Transition to natural gas-free living: The Dutch PEOPLE case study
In the Dutch PEOPLE case study, a team of three students (anthropology and organisational studies) focused on a bottom-up, neighbourhood-oriented approach in the transition to natural gas-free living. They were mentored jointly by PEOPLE partner organisations, the Vrije Universiteit Amsterdam and company Alliander.
Alliander, a Dutch monopolist Distribution System Operator, has initiated a ‘natural gas-transition program’ to address the challenges that this entails in multidisciplinary teams. PEOPLE students contributed to this challenge by tackling concrete issues and tasks within the teams.
The Dutch PEOPLE case study was one of the four case studies in energy efficiency and sustainability, implemented by PEOPLE teams within the 1st Learning Cycle. The students’ reflections on their research and challenges were first published in the 3rd issue of the PEOPLE Newsletter in June 2018 (find all newsletter issues here). Semra Anli, MSc student in Culture, Organisation and Management at VU Amsterdam, gives an account of how, using social science methods and people-centred development approaches, she tackled the challenges of the transition to a natural gas-free living.
THE DUTCH PEOPLE CASE STUDY
“In the Netherlands we focus on a bottom-up, neighbourhood-oriented approach in the transition to natural gas-free living in the Netherlands. As students, we map local dynamics at a neighbourhood level and translate our findings into visualisations and reports for teams within Alliander. Analysing, identifying and applying local dynamics is still a missing link in the overall strategic environment management of energy companies such as Alliander. We help to bridge this gap and, in doing so, hope to make a contribution to a people friendly transition to a natural gas-free future in the Netherlands. Marck, Eline and I work on similar cases in two different cities. Eline just finished her fieldwork in Wijk aan Zee. Marck and I have conducted research in Den Haag.
“I did my best to understand the field (in Den Haag) by immersing myself in the residential area, by visiting its popular food places, by attending events as if I was a resident, by speaking to shop owners and the residents themselves. I observed the type of residents living there, what the social cohesion of the area is like, what interests them, what their needs and priorities are, their skills and capabilities in the sphere of the heat transition in the Netherlands.”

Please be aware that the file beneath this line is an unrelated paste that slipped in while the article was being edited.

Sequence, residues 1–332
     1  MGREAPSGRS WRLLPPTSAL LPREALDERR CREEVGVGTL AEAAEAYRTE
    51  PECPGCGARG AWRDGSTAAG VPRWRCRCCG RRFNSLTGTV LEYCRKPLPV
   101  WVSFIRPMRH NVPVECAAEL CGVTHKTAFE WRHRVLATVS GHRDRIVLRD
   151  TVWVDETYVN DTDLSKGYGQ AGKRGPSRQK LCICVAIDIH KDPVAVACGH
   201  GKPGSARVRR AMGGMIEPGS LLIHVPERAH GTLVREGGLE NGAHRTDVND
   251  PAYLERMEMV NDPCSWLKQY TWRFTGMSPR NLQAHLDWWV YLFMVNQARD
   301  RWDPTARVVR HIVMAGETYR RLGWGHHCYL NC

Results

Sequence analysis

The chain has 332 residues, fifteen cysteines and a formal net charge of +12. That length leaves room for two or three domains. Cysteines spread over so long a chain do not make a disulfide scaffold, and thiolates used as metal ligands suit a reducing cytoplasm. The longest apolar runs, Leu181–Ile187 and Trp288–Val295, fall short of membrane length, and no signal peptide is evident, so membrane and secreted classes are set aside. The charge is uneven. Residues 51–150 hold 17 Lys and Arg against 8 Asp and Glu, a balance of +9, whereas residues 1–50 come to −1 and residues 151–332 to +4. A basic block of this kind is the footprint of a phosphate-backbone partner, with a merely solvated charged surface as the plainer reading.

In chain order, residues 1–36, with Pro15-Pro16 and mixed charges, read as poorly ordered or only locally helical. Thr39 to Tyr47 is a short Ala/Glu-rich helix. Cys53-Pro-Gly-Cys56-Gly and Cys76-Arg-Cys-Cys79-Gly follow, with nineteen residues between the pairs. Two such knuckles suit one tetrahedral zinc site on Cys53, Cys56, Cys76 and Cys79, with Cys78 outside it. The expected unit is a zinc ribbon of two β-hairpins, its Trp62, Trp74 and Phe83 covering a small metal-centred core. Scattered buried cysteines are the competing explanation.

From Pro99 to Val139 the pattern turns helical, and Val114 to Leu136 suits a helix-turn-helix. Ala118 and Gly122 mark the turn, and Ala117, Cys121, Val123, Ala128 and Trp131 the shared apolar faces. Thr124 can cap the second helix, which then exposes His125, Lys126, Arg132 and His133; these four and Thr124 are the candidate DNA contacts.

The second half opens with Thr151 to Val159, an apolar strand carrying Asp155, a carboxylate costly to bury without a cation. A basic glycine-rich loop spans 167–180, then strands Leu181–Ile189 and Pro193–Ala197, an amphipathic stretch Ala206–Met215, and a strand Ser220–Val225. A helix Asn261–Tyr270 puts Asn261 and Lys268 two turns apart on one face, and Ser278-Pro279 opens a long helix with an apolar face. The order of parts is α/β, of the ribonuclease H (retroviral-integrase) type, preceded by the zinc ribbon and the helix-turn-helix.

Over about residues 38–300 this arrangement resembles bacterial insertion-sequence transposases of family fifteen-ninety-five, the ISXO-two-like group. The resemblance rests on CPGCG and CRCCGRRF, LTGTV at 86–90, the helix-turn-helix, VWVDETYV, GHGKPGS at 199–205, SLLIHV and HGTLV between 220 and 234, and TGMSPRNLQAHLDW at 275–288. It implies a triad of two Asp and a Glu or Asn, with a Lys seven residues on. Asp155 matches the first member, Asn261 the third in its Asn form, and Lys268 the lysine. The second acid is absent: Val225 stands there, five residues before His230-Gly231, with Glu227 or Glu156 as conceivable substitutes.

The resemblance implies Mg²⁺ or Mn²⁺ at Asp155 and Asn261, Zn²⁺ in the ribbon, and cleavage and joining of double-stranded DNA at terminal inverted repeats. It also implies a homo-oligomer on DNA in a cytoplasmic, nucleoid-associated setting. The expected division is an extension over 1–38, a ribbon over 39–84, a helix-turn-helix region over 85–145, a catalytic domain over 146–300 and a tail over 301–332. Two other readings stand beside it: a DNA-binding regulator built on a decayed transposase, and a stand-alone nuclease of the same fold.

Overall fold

MOST UNEXPECTED EXPERIENCE, DISCOVERY OR INSIGHT
“I have just come back from the field and will start to analyse my data in the coming months so I don’t have any preliminary results just yet. However, the three months that I have spent in the field have shown me that you cannot solve every problem with technique and business knowledge, innovation is more than just that. Instead, cultural understanding and affiliation with the people within that culture is the key towards a solution of many complex problems. You cannot implement a successful transition towards gas-free living without including the voice of the people who will face the consequences of such a transition the most, namely the residents. Not only does a transition mean that the gas network that is currently in the ground will have to be replaced, but also construction work in the streets and in their houses. Perhaps one can even speak of a cultural change since this transition will alter how people implement their daily activities, such as cooking. People might not be against change, but in favour of the preservation of what they find meaningful in their current culture. Therefore, in order to implement a transition successfully one needs to gain understanding in these values, interests, needs, rituals, beliefs, etc. Things that make a culture.”
The students, implementing the Dutch PEOPLE case study, were:
- Eline Hogeweij (MSc, Social and Cultural Anthropology)
- Marck Verhulst (MSc, Social and Cultural Anthropology)
- Semra Anli (MSc, Culture, Organization and Management)
Interested about the other three PEOPLE case studies? The Slovenian team worked on energy management systems in smart buildings, the UK team explored smart power sockets and telecare, and the Czech team experimented with energy interventions in administrative buildings.